S: I’ve always tried to retain a balanced, independent view of American politics; even when that failed, I always tried not to let my own thoughts or even leanings leak out. I know that certain people respect me, but I didn’t want to try to capitalize on that. I think, and maybe this comes from my parents, but that America is at its strongest when all of its citizens are thinking clearly for themselves.

ID: Pretty. But might I point out that that’s never actually happened.

S: Maybe not. But I didn’t want to become a part of the noise that’s corrupting independent thought, that parrots talking points as if they actually meant anything, that misuses statistics and science and weaves together misinformation and lies to manipulate people.

ID: So you were afraid of being somebody’s Sammy Davis, Jr.

S: In a nutshell, yeah. He voted democrat most of his life, but one back-scratching endorsement of Nixon later and he’s suddenly the poster-child for the Republican’s minority constituency.

ID: So you were worried about being the Democrat’s token alien, part of their big-tent strategy to go after extraterrestrials? Or were you just worried about them parlaying that into all aliens, such as illegal Mexican immigrants?

S: All joking aside, I don’t like politicking. I think politics is supremely important, but I don’t like how either party panders, how fast and loose they play with the truth. Even when I fully agree with a politician I often find myself disgusted with their methods.

ID: So why are you disgusted but fully agreeing with the Democrats now?

S: This particular week, you mean? Because of two cancer-screening suggestions that have come out recently. First, the United States Preventive Services Task Force revised guidelines for mammography, saying regular checks should begin at 50 rather than 40y, and should be done biannually rather than annually. Second, the American College of Obstetricians and Gynecologists changed the recommendation for pap smears from annually to biannually.

The appropriate response for both parties should have been that they welcome any scientific evidence that will help American healthcare become more efficient and positively effect their constituents’ health and well-being. That’s it. They don’t need to endorse or deny the suggestions, because we do not want politicians battling scientists and doctors over control of our healthcare.

Instead, the fear-based, eternally-campaigning Republicans went on the offensive, and I mean that in both senses of the word, and used the nonbinding advice to drum up more fear about “rationing.” The embattled Democrats were of course forced to respond by saying that they disagree with the science, and won’t let it affect healthcare coverage. Both sides are acting like children, but in this case, the Republicans started it.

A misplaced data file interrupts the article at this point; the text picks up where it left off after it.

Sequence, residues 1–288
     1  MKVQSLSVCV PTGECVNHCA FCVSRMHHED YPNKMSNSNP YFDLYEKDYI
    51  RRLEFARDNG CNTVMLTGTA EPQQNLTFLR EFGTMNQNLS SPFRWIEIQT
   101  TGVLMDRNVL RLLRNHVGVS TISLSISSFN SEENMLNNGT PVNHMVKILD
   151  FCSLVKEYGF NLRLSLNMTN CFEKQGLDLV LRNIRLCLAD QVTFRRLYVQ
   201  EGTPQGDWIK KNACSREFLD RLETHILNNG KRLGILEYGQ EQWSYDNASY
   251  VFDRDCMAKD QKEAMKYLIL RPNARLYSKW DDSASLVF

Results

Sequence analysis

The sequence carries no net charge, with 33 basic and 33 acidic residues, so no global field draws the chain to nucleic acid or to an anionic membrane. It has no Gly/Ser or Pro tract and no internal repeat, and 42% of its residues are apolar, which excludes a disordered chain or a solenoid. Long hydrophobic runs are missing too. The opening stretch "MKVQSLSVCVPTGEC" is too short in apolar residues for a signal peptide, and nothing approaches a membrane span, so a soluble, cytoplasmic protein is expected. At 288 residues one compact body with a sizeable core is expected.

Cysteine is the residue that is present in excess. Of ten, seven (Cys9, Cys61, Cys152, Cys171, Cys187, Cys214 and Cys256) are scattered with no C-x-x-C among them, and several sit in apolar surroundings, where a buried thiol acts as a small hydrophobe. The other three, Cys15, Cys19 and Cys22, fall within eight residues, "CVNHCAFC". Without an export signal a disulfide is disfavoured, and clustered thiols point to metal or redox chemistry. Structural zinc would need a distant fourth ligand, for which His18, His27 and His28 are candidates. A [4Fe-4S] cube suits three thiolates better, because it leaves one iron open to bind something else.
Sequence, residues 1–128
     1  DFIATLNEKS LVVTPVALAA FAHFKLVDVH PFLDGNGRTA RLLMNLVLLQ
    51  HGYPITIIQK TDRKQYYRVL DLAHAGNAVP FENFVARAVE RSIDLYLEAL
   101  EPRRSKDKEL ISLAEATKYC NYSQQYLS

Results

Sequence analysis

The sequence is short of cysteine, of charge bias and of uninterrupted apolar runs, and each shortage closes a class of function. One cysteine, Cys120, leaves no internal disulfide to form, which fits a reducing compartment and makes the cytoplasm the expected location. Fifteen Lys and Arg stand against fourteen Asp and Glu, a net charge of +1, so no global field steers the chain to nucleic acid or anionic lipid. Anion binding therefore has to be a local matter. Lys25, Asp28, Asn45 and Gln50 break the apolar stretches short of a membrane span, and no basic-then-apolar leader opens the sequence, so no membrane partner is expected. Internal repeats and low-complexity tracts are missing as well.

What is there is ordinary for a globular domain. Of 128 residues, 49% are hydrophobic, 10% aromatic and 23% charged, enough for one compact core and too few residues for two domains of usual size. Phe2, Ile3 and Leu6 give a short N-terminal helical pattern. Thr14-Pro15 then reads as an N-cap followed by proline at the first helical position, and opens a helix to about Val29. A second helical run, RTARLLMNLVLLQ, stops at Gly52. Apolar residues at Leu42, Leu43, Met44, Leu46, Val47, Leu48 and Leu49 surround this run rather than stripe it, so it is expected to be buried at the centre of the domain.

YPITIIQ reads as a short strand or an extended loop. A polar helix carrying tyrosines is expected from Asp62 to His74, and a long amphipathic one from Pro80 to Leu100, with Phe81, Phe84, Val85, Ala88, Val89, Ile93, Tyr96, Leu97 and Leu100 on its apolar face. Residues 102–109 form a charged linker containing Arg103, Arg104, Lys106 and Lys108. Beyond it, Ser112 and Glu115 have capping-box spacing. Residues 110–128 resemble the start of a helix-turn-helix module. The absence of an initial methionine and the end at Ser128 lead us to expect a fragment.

And they usually start it. The Republicans are consummate politicians, constantly on the attack, constantly fighting to preserve party unity and stamp out independent thought.

But rationing healthcare is a special case. Because healthcare is a limited commodity, it will always be rationed. We’ve been fortunate, in that our relative economic plenty has meant that the rationing isn’t always visible, but it exists, and at current it is controlled by insurance companies. It’s flatly stupid to complain about government rationing when corporate rationing is the status quo. If that’s the only opposition you have, then you effectively have no grounds for opposition at all; you’re simply obstructing for the sake of political posturing.

Now if my choices are between Democrats who don’t always have the courage of their convictions, or Republicans whose only convictions seem to be the preservation of their own power, well, that’s a pretty easy choice to make.

ID: This all reminds me a bit of Jon Stewart’s interview with Lou Dobbs on the Daily Show.

S: I love Lou Dobbs. He’s Wrong, with a capital “W” on many if not most things, but he’s reasonable, rational. He’ll discuss with you why he’s Wrong, and why he thinks you’re wrong. I think his ideas are at this point coming from a slightly bent to the right curve, and thus don’t always conform to the strict by the facts ideology he sets out for himself, but at least you can follow his line of reasoning.

And it’s a shame to see him leaving CNN. I sincerely hope he doesn’t end up some place like Fox News, because while I think he’s sort of left the reservation, I think Fox, rather than letting him be the voice of reason, would encourage his fringer leanings, and we’d lose what’s useful of his voice in the national conversation.

ID: Could I get you to agree that Republicans are acting like boobs? It would actually help synthesize the two subjects under one title.

S: (sigh). Yes. Republicans are acting like boobs. So that would make you a Republican, right?

ID: Ooh, soiled by my own hubris.

We’ll be trying to bring you a new section of the interview every Tuesday. Some of the questions have already been prepared by the interviewer, but to ask Superman a question, leave a comment or send an email to